Early Childhood Caries

A little education can go a long way in preventing early childhood caries which used to be called baby bottle tooth decay. It is a condition in which an infant’s teeth experience excessive decay. Many people do not know that all liquids fed to infants ~ formula, breast milk, cow’s milk, and juice ~ contain sugars. All sugars, both natural and artificial, are potential “food” for the bacteria that live in the mouth. As the bacteria feed on sugar, they produce acid, which wears away tooth enamel and opens up the door for tooth decay.

If the situation is not addressed, babies that suffer from early childhood caries can experience pain and infection from decaying teeth and may require extensive dental treatme

Babies that are persistently fed “on demand” or that are put to sleep with milk or sweetened liquids are particularly at risk for early childhood caries because the teeth have constant exposure to the sugary liquids. Oftentimes, some liquid remains in the mouth once the baby falls asleep and bathes teeth in sugar all night long. When your child is sleeping through the night without requiring night time feeding, they may still, occasionally, wake from sleep, perhaps even crying or fussing. It is best to give your child a sip of water, then comfort and sooth them back to sleep with a gentle, caring touch. Children who walk around constantly drinking milk, juice or other sweetened liquids from a sippy cup are also at risk for early childhood caries due to prolonged sugar exposure. We recommend white milk with meals and water between meals.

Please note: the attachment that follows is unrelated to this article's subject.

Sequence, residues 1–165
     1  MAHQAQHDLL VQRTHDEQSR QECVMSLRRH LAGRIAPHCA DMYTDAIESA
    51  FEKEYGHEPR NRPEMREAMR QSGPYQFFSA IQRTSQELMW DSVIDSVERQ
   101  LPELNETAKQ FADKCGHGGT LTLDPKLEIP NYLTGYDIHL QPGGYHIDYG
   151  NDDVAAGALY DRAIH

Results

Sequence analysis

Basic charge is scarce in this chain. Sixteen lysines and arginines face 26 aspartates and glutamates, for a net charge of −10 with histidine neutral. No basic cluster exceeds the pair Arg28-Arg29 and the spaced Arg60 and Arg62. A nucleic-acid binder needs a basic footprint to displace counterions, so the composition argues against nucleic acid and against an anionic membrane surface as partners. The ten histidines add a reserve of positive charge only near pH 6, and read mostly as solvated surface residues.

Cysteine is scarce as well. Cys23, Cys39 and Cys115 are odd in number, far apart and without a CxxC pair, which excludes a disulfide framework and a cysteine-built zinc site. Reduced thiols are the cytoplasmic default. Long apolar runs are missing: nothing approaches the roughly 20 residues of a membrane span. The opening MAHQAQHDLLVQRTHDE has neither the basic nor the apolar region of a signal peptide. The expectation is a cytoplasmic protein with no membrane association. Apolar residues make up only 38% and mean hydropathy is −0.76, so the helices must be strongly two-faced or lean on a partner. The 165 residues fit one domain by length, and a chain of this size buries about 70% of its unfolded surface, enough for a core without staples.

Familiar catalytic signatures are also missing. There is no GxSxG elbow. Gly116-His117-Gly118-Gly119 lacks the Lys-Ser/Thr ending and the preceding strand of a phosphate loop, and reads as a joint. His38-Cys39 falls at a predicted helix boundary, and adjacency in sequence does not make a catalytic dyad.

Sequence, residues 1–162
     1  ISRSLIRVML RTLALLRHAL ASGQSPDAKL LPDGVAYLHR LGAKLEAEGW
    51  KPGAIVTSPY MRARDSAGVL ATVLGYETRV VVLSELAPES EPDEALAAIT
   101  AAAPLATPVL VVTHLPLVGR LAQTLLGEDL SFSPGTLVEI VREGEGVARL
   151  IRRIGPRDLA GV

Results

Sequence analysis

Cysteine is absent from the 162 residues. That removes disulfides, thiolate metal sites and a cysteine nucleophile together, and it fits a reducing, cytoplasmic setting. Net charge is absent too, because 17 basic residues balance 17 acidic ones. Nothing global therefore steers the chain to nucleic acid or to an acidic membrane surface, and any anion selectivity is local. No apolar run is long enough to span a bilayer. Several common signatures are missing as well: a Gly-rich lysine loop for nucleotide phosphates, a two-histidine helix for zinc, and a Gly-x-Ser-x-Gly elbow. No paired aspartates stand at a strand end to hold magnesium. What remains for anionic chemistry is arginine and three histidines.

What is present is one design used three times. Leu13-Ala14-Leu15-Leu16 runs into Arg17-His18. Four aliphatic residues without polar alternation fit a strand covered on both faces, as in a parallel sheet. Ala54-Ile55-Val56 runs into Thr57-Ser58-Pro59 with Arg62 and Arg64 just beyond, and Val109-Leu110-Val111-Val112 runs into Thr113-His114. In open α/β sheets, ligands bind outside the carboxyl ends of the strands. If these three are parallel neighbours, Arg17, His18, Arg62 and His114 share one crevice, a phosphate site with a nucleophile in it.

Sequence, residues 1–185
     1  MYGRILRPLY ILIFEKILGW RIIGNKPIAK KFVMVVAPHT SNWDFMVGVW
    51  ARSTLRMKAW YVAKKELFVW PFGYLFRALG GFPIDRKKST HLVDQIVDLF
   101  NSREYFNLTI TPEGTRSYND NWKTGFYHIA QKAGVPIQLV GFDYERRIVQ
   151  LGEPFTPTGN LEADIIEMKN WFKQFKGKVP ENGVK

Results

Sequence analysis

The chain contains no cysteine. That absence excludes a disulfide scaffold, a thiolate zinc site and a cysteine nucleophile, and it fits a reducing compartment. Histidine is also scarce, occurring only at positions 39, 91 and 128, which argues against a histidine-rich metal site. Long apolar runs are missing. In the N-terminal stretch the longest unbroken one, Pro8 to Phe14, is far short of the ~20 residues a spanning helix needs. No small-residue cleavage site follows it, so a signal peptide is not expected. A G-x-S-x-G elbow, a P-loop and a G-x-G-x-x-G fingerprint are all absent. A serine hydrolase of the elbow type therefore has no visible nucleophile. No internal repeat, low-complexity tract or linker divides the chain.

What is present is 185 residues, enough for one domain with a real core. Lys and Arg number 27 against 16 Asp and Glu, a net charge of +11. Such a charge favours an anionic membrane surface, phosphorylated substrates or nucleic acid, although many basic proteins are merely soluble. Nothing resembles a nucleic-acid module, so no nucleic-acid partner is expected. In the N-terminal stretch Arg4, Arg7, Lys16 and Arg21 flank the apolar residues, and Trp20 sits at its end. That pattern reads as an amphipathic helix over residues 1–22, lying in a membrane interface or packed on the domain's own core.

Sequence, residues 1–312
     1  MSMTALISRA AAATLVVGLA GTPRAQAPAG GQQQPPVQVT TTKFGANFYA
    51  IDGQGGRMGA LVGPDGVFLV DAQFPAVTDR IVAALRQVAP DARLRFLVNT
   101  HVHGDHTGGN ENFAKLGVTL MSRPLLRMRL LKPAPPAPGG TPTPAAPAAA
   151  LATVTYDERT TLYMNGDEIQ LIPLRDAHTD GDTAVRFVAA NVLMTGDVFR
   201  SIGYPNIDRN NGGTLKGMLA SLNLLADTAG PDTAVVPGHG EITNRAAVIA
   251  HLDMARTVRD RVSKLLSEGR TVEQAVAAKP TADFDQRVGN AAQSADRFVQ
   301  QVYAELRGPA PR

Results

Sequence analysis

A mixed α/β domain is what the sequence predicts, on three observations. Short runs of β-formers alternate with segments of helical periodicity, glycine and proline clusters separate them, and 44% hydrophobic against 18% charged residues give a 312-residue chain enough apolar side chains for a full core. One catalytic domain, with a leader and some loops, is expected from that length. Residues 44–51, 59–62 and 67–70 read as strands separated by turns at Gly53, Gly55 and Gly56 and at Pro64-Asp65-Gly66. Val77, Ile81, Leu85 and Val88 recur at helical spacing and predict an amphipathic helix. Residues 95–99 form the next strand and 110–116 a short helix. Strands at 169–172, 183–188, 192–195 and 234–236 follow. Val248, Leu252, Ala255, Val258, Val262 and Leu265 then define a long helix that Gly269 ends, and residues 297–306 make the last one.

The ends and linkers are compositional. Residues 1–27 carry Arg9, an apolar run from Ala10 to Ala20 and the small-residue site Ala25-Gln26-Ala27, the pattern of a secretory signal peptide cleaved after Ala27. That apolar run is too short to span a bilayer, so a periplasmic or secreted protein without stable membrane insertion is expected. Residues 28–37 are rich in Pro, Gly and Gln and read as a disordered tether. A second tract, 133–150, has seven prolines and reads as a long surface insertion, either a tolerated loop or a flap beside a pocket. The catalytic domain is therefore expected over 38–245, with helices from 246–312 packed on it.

To reduce the risk of early childhood caries, promote the following:

  • Gently wipe your baby’s gums with a wet soft cloth or gauze even before teeth erupt. (This method may continue as the first teeth erupt and graduate to a soft toothbrush)
  • Your baby’s gums and teeth should be cleaned after the last feeding and before going to bed.
  • Try to end feeding at least 15 minutes prior to bedtime to reduce chance of liquids remaining in your baby’s mouth and bathing teeth in sugar during sleep.
  • Do not allow milk or sweetened liquids in bed with your child; allow water only.
  • Do not introduce juice into your child’s regular diet.
  • Wean your baby from the bottle to a cup between 12 and 15 months of age.
  • Encourage your child to drink water between meals as opposed to milk, juice, or other sweetened liquids.
  • It is best to visit a pediatric dentist around 12 months of age and every six months after that.